NEW LONDON, Conn. – Current efforts to expand rail in eastern Connecticut are hindered by funding and limitations of a rail bridge over the Thames River.
CT Insider has reported that current efforts to expand rail in eastern Connecticut are hindered by funding and limitations of a rail bridge over the Thames River. An assessment from the Connecticut Department of Transportation examined “the feasibility of extending existing commuter rail service beyond new London, including the creation of a branch line to Norwich and a future expansion of Shore Line East service to Rhode Island.”
The report shows a $1 billion startup cost for the two routes. However, the area’s “sluggish” job growth coupled with the large cost are two factors that “could weigh against such an investment.” Additionally, it would need to share the Northeast Corridor with Amtrak. Amtrak is the current owner and plans to “increase the number of daily trains that it runs between New York and Boston.” By expanding those other transit services, it could “provide a quicker and cheaper alternative to meeting the region’s needs.”
According to the report, “Transit investment could satisfy existing and future regional mobility needs, independent of any other long-term strategies like enhanced rail service.” While no lawmakers have approved any funding as of reporting, DOT spokesman Josh Morgan said: “This is a first step, as more analysis would be needed before any project move forward, requiring detailed planning and significant capital investments for several years.” Also, the DOT will hold public meetings later this month for community feedback.
However, the news report says that lawmakers and transit advocates believe the DOT’s findings “did little to dispel the idea that an expansion of rail service is not only feasible, but likely to bring significant benefits to the state and region.” In fact, state Senator Christine Cohen said: “I think we’ve long known that we want to have more transportation options in eastern Connecticut. . . I think we want to make sure that there’s connectivity with other states so that we have sort of a throughway and the ability for folks to get where they need to be in a fast way.”
Between New London and Rhode Island’s Wickford Junction is a stretch of the Northeast Corridor that is “among the last” to not have parallel service from commuter. Both Connecticut and Rhode Island officials have discussed extending the current Shore Line East Route between both states, “with Rhode Island officials seemingly open to ending the new route in Westerly.” However, that route has not been able to gain its pre-pandemic ridership levels, and Governor Ned Lamont agreed in reducing service in order to cut costs. By extending the route “with new stops in Groton, Mystic, and Stonington,” there would be an up-front cost of $245 million, “plus an additional $52 million annually to operate.”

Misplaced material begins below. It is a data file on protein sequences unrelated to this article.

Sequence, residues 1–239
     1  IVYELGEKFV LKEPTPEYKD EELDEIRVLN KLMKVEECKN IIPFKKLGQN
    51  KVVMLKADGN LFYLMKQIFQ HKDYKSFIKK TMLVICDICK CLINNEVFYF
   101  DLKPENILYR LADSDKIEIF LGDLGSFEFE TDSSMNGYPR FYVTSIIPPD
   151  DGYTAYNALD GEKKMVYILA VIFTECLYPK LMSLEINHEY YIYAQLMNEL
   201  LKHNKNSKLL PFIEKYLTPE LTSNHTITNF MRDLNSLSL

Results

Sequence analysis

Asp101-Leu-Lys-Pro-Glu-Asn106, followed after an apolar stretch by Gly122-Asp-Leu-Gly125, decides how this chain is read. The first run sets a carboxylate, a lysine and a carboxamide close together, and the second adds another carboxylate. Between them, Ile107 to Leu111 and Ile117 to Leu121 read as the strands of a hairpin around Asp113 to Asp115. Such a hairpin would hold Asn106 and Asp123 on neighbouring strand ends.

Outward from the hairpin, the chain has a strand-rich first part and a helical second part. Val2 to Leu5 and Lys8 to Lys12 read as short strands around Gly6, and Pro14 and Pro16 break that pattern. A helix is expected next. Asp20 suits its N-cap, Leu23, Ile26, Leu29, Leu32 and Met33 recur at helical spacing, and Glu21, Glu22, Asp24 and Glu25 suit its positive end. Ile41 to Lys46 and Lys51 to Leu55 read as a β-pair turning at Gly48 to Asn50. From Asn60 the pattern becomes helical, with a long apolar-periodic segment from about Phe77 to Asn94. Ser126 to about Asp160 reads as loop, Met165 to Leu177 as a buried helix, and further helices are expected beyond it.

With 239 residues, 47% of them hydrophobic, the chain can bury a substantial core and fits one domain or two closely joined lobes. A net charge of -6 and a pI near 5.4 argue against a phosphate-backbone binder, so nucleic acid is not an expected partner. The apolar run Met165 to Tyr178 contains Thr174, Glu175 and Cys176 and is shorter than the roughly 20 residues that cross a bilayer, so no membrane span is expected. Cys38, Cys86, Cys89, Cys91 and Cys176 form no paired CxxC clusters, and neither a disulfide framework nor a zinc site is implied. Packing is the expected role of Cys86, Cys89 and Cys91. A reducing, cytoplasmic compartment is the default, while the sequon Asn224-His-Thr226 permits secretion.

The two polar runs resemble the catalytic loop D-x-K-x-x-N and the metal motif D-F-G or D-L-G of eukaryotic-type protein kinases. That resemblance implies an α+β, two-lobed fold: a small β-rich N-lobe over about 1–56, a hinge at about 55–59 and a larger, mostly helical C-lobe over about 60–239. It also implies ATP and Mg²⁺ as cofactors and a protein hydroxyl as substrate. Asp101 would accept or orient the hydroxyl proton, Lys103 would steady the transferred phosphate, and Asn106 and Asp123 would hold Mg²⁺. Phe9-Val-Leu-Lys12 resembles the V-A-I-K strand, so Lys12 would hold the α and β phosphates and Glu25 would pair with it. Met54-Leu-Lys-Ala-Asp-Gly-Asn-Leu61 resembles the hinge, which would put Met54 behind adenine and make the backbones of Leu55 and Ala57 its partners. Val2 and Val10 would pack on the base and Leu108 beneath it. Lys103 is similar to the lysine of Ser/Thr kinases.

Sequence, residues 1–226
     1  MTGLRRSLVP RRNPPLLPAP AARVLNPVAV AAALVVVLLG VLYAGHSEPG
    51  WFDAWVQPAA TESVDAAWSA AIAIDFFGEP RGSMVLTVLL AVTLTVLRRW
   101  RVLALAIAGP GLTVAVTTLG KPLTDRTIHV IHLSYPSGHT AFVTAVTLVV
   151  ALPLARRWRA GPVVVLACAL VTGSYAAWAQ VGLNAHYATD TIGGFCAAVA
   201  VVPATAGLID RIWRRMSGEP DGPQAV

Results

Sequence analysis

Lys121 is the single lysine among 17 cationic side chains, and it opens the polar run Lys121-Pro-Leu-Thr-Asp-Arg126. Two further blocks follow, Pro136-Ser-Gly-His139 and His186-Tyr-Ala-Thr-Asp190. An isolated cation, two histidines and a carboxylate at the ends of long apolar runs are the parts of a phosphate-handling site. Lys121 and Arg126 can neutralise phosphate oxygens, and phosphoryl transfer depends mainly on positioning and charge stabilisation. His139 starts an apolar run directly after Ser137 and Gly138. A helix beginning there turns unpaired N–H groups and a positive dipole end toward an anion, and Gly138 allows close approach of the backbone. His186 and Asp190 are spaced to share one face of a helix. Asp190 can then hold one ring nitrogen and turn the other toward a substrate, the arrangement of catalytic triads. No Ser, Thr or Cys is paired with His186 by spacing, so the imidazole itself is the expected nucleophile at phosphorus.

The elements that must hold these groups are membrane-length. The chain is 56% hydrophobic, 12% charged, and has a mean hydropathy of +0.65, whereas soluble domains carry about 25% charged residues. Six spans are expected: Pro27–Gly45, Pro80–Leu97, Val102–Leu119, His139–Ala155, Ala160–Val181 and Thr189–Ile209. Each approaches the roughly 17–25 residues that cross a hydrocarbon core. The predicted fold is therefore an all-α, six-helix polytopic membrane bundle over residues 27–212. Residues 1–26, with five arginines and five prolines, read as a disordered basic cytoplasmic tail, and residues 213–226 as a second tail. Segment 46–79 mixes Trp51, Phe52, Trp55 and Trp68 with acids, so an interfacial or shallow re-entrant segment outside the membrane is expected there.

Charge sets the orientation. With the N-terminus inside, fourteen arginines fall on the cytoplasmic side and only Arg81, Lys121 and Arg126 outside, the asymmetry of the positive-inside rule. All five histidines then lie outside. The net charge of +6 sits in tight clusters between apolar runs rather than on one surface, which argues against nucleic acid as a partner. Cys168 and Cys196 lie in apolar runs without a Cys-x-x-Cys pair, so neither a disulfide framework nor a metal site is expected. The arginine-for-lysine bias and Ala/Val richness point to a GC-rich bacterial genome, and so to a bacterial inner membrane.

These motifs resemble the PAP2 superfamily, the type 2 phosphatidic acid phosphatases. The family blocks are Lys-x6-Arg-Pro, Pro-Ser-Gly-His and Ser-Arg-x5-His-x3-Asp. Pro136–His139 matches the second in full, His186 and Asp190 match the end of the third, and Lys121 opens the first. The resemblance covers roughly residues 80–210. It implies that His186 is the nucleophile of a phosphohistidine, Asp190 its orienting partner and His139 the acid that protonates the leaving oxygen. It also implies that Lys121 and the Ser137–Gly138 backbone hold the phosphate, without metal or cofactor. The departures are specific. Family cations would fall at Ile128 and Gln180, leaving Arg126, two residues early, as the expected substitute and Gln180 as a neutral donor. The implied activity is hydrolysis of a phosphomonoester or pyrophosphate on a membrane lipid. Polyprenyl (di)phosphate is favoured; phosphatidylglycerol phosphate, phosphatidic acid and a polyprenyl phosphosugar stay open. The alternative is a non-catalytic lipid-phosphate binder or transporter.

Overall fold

The existing rail bridge that crosses the Thames River “can only handle the addition of one commuter train in either direction,” and the “extending Shore Line East would preclude the state from opening a spur line into Groton or branch service along the eastern banks of the river.”
Another possible expansion listed in the report “was the conversion of the existing freight lines on the western side of the river into a commuter route between New London and Norwich, with potential stops near the U.S. Coast Guard Academy and Montville’s Mohegan Sun Casino.”
The Palmer Line is estimated to cost around $635 million initially with another $33 million annually.
According to the report, President of the Commuter Action Group, Jim Cameron, said creating a new branch line to Norwich is “prohibitively expensive, especially given the planned service cuts along other rail corridors such as the state’s marquee New Haven Line.” Cameron went on to say that the “priority should be to improve and to run the service we have today” as opposed to planning for expansion.Back in 2021, lawmakers approved $2.3 million for a two-year study of a rail expansion. For developing expanded rail routes, the next steps include “planning, design, and construction.” These steps could take up to ten years or more.